Ohmygosh it's august!
Which means it's time to start reflecting about last year and setting some new goals for this school year. Our first year of homeschooling was really all about figuring out what in the world we are doing. I think I may have mentioned before on here about our choice to go with K12, the online public school system. The curriculum was ok but I was more relieved just to have things planned out for me, a system to hold me accountable, and a teacher who could help keep track of our progress. We're continuing with the program again this year, mostly because not having to pay for curriculum and all of the discounted field trips are so nice but next year, as we go into 3rd grade, I think we'll probably venture out on our own.
You see, as we've gotten more and more accustomed to this kind of lifestyle we're starting to figure out the best ways that we as a family learn. After all, when you have two children you're trying to teach simultaneously, it's not just about how each child learns, it's about how all of you learn together. Which is why homeschooling specifically seemed so ideal for us. Now, as we're starting to adapt, shift, and evolve, we are leaning more and more towards not just homeschooling, but unschooling.
Unschooling, if you're not familiar with the term, is the idea that in a rich environment, children will learn without actively "teaching" them anything (somewhat similar to Montessori but with a greater emphasis on learning from life rather than being in a classroom.) Of course, "teaching" and "learning" are such vague terms. I would say that any time you share information you are teaching but in this instance I am using the term "teaching" to mean the kind of instruction you typically find in a classroom. Unschooling, at it's basic level, is more about doing than abstract learning. In our modern culture it does seem that people sometimes lean on traditional forms of learning, when very few people learn that way. I just read this funny story in one of Dave Ramsey's books:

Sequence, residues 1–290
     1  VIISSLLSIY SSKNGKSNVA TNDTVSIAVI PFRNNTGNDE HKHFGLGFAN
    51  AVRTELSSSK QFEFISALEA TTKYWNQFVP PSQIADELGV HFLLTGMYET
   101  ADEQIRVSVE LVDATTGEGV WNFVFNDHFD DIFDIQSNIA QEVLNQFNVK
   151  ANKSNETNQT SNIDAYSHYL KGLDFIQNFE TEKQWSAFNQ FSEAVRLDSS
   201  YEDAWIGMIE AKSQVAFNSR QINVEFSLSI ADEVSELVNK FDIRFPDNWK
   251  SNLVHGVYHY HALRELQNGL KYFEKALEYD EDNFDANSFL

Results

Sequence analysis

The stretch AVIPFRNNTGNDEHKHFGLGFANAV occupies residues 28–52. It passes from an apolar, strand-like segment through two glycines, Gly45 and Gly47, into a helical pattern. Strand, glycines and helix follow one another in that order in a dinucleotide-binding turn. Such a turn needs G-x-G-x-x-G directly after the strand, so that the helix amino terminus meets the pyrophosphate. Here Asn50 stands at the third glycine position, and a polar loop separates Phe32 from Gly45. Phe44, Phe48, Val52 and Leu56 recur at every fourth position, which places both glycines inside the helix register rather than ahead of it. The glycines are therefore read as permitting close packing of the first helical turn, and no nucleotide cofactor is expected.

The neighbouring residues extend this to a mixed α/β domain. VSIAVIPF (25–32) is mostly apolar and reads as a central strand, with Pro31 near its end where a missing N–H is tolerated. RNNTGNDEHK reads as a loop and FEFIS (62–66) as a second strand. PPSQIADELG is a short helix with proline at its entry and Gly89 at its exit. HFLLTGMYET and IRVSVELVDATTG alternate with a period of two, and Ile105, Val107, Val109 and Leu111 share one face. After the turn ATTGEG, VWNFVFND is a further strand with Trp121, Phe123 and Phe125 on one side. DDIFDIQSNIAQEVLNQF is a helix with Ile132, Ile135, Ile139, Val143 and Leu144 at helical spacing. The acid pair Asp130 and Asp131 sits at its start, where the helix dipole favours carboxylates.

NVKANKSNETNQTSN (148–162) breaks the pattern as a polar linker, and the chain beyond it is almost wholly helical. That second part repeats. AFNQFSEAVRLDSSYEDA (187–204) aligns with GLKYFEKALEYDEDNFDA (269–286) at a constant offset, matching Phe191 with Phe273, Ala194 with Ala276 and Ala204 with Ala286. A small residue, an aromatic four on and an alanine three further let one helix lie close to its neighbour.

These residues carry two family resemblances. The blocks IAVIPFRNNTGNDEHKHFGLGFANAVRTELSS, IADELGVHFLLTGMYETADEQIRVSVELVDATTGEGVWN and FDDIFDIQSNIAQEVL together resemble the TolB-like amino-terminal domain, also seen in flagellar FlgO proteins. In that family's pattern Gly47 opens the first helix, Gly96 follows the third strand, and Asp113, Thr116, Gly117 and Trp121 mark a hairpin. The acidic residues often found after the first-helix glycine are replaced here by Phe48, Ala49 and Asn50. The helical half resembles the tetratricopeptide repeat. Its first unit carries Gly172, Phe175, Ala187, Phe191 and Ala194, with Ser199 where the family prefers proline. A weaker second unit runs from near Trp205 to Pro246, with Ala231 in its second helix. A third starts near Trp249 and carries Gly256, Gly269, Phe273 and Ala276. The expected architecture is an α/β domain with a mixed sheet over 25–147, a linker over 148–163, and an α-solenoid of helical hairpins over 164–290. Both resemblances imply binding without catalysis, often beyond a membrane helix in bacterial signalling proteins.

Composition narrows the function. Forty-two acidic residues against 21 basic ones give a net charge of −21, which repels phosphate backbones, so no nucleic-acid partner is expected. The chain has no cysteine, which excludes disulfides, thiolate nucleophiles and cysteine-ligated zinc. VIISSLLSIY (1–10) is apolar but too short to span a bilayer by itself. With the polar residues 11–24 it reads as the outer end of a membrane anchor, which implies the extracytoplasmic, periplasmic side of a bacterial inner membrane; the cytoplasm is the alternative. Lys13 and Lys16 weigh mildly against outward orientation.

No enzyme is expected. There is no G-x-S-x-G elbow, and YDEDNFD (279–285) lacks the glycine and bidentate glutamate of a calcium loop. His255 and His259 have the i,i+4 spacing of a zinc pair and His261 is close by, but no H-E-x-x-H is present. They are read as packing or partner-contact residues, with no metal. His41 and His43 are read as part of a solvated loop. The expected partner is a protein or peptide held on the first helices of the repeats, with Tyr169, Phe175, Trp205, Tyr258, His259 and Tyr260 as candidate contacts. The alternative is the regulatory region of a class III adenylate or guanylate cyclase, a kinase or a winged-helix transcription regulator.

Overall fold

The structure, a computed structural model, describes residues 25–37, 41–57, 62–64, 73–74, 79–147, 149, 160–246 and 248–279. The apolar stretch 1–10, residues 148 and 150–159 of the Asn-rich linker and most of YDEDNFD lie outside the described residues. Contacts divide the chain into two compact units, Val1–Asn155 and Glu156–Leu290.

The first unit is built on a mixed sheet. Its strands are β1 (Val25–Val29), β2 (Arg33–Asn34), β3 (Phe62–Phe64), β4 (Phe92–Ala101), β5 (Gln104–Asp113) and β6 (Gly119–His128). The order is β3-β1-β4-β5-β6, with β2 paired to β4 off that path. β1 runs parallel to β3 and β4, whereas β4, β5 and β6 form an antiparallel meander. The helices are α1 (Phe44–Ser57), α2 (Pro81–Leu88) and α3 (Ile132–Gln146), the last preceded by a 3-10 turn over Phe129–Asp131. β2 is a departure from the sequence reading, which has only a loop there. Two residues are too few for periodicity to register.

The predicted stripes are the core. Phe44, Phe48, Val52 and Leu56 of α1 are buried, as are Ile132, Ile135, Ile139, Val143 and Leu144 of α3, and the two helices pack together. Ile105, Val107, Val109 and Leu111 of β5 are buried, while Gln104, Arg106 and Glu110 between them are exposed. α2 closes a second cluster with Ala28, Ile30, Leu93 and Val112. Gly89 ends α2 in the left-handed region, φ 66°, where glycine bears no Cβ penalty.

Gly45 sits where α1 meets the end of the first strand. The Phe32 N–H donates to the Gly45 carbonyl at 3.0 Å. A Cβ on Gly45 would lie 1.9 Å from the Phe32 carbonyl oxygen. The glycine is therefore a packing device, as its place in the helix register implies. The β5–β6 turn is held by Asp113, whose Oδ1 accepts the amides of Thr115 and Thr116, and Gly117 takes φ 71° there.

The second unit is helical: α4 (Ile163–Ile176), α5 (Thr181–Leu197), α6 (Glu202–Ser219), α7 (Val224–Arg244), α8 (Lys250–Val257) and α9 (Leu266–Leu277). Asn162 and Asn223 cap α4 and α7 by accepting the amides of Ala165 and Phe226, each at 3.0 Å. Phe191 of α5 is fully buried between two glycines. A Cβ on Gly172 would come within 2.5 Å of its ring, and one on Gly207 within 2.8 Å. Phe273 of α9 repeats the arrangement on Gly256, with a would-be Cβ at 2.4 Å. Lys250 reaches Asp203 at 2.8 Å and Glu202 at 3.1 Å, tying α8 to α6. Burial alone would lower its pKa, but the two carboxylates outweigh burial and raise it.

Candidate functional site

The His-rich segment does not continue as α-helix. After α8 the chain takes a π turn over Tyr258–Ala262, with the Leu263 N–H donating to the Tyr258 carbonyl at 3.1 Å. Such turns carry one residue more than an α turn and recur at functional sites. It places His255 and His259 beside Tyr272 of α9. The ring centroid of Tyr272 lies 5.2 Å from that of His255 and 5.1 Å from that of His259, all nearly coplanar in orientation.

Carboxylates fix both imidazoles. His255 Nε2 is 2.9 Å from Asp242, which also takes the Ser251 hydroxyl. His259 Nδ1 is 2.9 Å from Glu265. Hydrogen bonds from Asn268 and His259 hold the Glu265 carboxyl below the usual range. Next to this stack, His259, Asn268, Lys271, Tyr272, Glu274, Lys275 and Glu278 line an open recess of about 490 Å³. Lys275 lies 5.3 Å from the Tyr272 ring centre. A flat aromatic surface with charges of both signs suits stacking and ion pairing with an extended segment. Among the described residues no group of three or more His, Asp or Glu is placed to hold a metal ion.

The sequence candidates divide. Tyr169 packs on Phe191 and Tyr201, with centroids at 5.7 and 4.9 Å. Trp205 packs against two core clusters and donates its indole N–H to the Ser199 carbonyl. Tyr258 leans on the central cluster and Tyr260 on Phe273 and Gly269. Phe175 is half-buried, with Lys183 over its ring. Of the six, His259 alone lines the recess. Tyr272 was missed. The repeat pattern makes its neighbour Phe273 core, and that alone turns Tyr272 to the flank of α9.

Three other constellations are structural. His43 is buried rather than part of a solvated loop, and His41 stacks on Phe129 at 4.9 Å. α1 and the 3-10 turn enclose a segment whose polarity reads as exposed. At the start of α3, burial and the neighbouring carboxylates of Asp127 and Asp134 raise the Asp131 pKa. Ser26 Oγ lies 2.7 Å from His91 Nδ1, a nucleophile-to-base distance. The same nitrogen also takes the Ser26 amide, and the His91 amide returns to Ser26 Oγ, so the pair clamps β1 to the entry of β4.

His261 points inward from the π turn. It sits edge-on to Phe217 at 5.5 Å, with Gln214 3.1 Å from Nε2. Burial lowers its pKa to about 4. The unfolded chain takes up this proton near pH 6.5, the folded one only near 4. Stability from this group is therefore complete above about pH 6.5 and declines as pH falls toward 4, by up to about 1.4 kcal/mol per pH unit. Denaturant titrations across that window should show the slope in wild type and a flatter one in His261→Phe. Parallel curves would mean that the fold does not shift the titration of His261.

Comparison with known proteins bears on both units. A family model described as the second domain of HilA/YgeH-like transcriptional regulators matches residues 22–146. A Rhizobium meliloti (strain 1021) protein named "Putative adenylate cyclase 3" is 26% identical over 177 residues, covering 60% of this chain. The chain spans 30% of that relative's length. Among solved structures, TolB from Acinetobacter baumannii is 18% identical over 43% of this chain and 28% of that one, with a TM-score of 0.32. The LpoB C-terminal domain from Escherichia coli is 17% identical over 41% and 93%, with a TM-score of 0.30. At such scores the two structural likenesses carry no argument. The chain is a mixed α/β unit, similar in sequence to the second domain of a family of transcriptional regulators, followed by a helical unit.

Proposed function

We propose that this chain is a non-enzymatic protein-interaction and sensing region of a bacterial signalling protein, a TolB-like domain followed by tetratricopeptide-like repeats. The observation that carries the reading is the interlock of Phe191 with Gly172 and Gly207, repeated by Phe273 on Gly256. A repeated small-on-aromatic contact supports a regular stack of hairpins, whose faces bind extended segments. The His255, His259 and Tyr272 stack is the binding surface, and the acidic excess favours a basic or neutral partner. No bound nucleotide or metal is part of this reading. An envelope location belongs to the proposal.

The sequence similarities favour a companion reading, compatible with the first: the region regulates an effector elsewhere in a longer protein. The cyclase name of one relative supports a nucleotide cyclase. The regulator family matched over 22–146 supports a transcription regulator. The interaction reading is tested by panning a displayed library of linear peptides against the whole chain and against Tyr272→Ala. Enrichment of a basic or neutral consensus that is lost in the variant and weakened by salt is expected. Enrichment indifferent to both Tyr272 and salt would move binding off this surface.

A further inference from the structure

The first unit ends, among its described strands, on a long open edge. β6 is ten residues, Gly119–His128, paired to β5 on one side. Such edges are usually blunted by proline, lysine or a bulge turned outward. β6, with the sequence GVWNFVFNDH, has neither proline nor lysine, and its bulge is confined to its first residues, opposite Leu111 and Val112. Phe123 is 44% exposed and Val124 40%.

"A friend of mine made $40,000 selling in one summer. Upon returning to class in the fall, his marketing professor gave him a C on a sales presentation he did in front of the class. My friend, being immature, asked the professor what he made in a year. After some goading, the professor admitted to an income of $35,000 per year. My friend walked out and, sadly, he quit school. He will be okay, though; his income last year was over $1,200,000."
I know Dave Ramsey isn't anti-school, but his point is well taken. You don't necessarily need a finance class to be successful in finance, or whatever else. Unschooling doesn't necessarily equal homeschooling. The Sudbury school in Mass. is a brilliant example of what school can be. If you have a free half an hour please please please go and watch Sir Ken Robinson's TED talk. It's the most viewed TED talk of all time and for good reason. And if you then have even more time I would suggest reading Peter Gray's new book Freedom to Learn. There are a lot of people (including my husband) who are a bit skeptical about this but if you just look at anetdotal evidence around you you'll see ample examples. Whether it's someone who loves gardening so they learn all they can about it, how babies learn to walk without parents needing to teach them, how all teenagers can type and work on computers (and even hack huge protected databases) without taking a computer science course, or the famous experiment of Indian children who had free access to a computer, where there is incentive (like everyone else can do it), an interest, and a little bit of encouragement, children are capable of learning as much as is available to them.
I would never conclude that unschooling is for every one, just as I would never suggest homeschooling is right for every one either. I have an aunt who homeschools as more school-at-home and her children are wonderfully well-rounded and intelligent. I've also met people whose parents did very little teaching in their homeschool lessons and they all were very smart and have created successful careers for themselves. And of course there are many people who went to public or private schools.